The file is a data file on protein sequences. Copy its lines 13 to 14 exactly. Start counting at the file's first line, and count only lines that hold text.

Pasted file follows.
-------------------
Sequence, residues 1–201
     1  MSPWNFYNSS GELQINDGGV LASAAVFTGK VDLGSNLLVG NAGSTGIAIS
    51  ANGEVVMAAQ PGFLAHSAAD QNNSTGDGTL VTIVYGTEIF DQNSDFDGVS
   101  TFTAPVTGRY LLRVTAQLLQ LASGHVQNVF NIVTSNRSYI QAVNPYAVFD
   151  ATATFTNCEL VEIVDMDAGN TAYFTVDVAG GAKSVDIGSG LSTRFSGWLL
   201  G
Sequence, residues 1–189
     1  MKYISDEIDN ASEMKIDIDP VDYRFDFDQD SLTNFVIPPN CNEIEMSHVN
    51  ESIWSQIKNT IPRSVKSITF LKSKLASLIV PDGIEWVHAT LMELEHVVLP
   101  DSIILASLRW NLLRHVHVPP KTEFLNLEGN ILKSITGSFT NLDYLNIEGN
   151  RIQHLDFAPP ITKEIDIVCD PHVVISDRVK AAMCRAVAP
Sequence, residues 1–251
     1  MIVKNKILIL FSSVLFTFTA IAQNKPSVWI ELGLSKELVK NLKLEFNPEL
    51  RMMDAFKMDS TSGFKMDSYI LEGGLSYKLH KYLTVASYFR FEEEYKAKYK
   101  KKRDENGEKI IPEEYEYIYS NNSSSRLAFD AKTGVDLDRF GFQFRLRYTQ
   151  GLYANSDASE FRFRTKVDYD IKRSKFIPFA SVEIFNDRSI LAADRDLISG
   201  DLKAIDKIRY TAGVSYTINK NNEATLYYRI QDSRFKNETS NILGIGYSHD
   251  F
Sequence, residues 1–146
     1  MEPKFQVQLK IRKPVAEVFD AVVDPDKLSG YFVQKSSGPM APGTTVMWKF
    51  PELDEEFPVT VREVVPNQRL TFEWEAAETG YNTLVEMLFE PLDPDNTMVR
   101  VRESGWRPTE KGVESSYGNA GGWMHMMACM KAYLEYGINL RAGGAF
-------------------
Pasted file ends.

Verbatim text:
     1  MIVKNKILIL FSSVLFTFTA IAQNKPSVWI ELGLSKELVK NLKLEFNPEL
    51  RMMDAFKMDS TSGFKMDSYI LEGGLSYKLH KYLTVASYFR FEEEYKAKYK